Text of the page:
Home » Bloody Marie is Heartbreaking Fun [Review]

Bloody Marie is Heartbreaking Fun [Review]

Bloody Marie opens with the titular Marie (Susanne Wolfe) at what should be rock bottom. Directors/writers Lennert Hillege and Guido van Driel take us through a day in Marie’s life. She dances alone at a club in the morning before getting into a heated argument with the other barflies. After, she goes to a tennis court and enthusiastically pantomimes the players actions between swigs from a bottle. She briefly stops by her apartment to find that despite being a successful graphic novelist, she can’t break through her block and draw. She goes down to the liquor store and the owner refuses to sell to her, saying, “You should probably stop drinking.” The sequence ends with her stalking her neighbor, Dragomir (Dragos Bucur) through the alley leading to his apartment. She calls out to him, and offers to pay him for a sip of the bottle he’s holding. He agrees, but he doesn’t want money. Instead, he trades for her shoes. 

Things shouldn’t be able to get worse, but for Marie, they do. The next night, she sees her shoes on Dragomir’s roof. Though, as she later puts it, she’s “Drunk as a skunk,” she lays a ladder between their roofs and attempts to climb over. The film spirals from there, intertwining her world with Dragomir’s. 

While Dragomir seems nice when they first meet, he’s abusive toward the group of sex workers he oversees for a violent organization. Dragos Bucur plays the role with a great vulnerability, which separates it from the Eastern-European monster trope that typically gets slotted into this role in films like Taken. Dragomir seems to actually care for his workers, bringing Iliana (Alexia Lestiboudois) to Marie to see if Marie can find a publisher for Iliana’s art. It’s a small step he’s taking to make her life better, but it separates the film from the cartoonishly bleak life of other fictional sex workers. 

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As good as Bucur is, everything in Bloody Marie takes a backseat to Susanna Wolfe’s electric performance. Wolfe brings a manic energy to everything she does while Marie is drunk that feels authentic. More importantly, her performance is absolutely captivating. Wolfe plays an entire emotional register, mixing in Marie’s grief over her mother’s death into every decision while also capturing the character’s frenzied approach to life. 

Hillege and van Driel show flashes of Marie’s inner-life by including shots of her artwork. All of it is gorgeous, and images like her dog Lieze on top of a coffin in a field give viewers a glimpse into what Marie’s processing.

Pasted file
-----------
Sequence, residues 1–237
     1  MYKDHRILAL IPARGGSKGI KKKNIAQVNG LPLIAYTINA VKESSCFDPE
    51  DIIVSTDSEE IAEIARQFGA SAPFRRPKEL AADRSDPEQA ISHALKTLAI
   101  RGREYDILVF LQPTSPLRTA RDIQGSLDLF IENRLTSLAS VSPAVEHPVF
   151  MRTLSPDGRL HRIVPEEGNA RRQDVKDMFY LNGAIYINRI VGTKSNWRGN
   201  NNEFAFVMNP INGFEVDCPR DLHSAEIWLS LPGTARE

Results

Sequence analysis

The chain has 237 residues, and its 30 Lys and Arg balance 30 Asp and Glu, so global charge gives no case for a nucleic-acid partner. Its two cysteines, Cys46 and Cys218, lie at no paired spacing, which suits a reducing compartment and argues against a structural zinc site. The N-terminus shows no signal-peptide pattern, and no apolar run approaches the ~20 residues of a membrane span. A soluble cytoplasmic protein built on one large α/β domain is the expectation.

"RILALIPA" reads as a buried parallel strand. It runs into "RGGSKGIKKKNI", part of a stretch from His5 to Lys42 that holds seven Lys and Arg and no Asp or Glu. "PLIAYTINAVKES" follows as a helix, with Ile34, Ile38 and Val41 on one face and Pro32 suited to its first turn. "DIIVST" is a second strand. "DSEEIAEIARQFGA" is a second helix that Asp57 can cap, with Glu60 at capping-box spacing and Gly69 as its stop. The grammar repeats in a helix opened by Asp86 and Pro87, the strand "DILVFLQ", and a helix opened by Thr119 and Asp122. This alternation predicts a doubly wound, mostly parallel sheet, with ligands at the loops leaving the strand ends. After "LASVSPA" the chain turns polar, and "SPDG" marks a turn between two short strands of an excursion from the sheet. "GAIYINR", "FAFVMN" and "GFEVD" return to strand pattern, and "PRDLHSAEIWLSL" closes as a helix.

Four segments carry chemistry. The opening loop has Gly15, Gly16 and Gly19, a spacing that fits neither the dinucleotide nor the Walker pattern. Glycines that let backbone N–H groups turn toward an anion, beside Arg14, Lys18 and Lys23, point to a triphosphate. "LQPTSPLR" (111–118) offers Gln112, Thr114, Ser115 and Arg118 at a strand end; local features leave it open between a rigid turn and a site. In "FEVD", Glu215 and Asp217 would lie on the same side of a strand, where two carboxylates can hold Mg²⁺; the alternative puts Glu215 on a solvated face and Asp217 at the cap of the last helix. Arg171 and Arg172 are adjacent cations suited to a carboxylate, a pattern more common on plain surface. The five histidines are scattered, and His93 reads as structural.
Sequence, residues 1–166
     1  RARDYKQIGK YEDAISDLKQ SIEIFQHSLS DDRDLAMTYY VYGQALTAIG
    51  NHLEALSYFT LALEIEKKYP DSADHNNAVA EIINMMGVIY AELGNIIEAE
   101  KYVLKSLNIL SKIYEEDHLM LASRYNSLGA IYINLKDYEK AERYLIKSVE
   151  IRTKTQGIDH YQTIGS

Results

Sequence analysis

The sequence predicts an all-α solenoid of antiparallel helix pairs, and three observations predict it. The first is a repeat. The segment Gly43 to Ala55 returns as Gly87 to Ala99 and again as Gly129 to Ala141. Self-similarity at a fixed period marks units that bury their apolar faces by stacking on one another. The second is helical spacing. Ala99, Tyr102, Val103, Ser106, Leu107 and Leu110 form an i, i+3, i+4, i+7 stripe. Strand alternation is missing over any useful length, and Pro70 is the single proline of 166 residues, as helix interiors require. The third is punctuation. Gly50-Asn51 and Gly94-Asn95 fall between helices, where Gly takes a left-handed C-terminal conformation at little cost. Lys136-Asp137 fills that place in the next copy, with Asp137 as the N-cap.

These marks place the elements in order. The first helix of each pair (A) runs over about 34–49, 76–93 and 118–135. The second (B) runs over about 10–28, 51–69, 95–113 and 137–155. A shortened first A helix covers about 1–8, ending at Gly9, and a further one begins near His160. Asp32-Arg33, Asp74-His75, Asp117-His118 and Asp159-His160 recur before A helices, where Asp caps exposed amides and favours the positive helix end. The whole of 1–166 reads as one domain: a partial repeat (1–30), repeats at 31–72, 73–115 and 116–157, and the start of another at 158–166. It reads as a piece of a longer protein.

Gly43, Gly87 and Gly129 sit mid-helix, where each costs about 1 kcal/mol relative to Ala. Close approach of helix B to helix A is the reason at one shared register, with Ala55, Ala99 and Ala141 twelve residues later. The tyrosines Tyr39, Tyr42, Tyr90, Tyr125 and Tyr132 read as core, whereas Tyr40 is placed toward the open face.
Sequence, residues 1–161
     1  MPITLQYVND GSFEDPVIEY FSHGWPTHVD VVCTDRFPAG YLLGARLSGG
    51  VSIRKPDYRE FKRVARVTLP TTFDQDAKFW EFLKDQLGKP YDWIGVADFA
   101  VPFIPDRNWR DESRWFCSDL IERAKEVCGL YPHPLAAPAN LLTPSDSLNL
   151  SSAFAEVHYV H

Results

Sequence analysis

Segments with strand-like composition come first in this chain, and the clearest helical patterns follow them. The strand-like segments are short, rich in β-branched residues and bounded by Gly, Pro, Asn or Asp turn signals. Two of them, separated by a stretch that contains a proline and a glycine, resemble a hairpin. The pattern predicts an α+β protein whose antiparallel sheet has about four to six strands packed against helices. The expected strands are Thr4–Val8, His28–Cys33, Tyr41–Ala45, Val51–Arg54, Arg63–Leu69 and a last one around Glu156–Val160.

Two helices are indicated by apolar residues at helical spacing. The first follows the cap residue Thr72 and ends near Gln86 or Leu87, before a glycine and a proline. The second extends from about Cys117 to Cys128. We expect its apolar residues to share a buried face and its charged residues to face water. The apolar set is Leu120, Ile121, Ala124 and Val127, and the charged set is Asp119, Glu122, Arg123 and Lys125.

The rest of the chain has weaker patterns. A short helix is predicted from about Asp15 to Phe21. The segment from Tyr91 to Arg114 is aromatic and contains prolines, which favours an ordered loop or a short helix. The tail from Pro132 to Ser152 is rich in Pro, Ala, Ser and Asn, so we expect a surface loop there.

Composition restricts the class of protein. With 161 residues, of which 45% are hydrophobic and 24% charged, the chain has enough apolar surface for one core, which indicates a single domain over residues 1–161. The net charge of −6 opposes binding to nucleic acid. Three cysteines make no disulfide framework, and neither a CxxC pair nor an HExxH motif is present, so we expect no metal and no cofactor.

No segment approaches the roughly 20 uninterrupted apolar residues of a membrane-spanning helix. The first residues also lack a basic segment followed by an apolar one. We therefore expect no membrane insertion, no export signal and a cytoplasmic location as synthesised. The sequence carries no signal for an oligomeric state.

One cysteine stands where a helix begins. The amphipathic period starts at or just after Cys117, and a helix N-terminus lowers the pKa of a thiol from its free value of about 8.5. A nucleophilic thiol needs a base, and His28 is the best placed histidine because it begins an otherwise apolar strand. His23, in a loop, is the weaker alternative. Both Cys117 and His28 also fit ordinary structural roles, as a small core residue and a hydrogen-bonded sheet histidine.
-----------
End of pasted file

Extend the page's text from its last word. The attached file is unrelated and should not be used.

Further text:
Lieze plays a huge role in the film. He follows Marie everywhere around an extremely dog-friendly Amsterdam. Like most movie dogs, he is incredibly well behaved, almost never leaving Marie’s heel and not barking once. In contrast, my real dog barked at the empty McDonald’s bag that blew by the window during the movie until it was long out of sight before alerting me each time a doorbell rang in the film. 

Lieze, despite his supernaturally good behavior, offers us an insight into Bloody Marie’s theme.The previously mentioned argument at the bar in the opening of the film starts when Marie takes umbrage with two men talking about how, “Nature knows no morality.” She fires back that there’s a tenderness to the natural world. She challenges them, and by extension viewers, asking, “Why do you have to prove your masculinity?” 

That question of whether the world is amoral or tender echoes through Bloody Marie. It’s what Bucur brings into his performance as Dragomir and Wolfe into Marie. It’s on the page each time the camera passes over Marie’s artwork. And it’s in Lieze’s—the film’s representation of nature—behavior. 

Bloody Marie should be heartbreaking—the story of a woman sick with alcoholism, grieving the loss of her mother—but it’s more fun than it has any right to be. 

Wicked Rating – 8.5/10

Directors: Lennert Hillege, Guido van Driel
Writers: Lennert Hillege, Guido van Driel
Stars: Susanne Wolff, Dragos Bucur, Alexia Lestiboudois
Release: November 1, 2019 (theaters), November 11, 2019 (VOD)
Studio/Production Company: Family Affair Films, Bulletproof Cupid, Vrijzinnig Protestantse Radio Omroep
Language: Dutch, English
Length: 87 minutes
Sub-Genre: Thriller/Drama

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Written by Ryan C. Bradley
Ryan C. Bradley is an award winning author who has published work in The Missouri Review, The Rumpus, Dark Moon Digest, The Literary Hatchet, and many other venues. He edited the anthology When the Sirens Have Faded. You can learn more about him at: ryancbradleyblog.wordpress.com.
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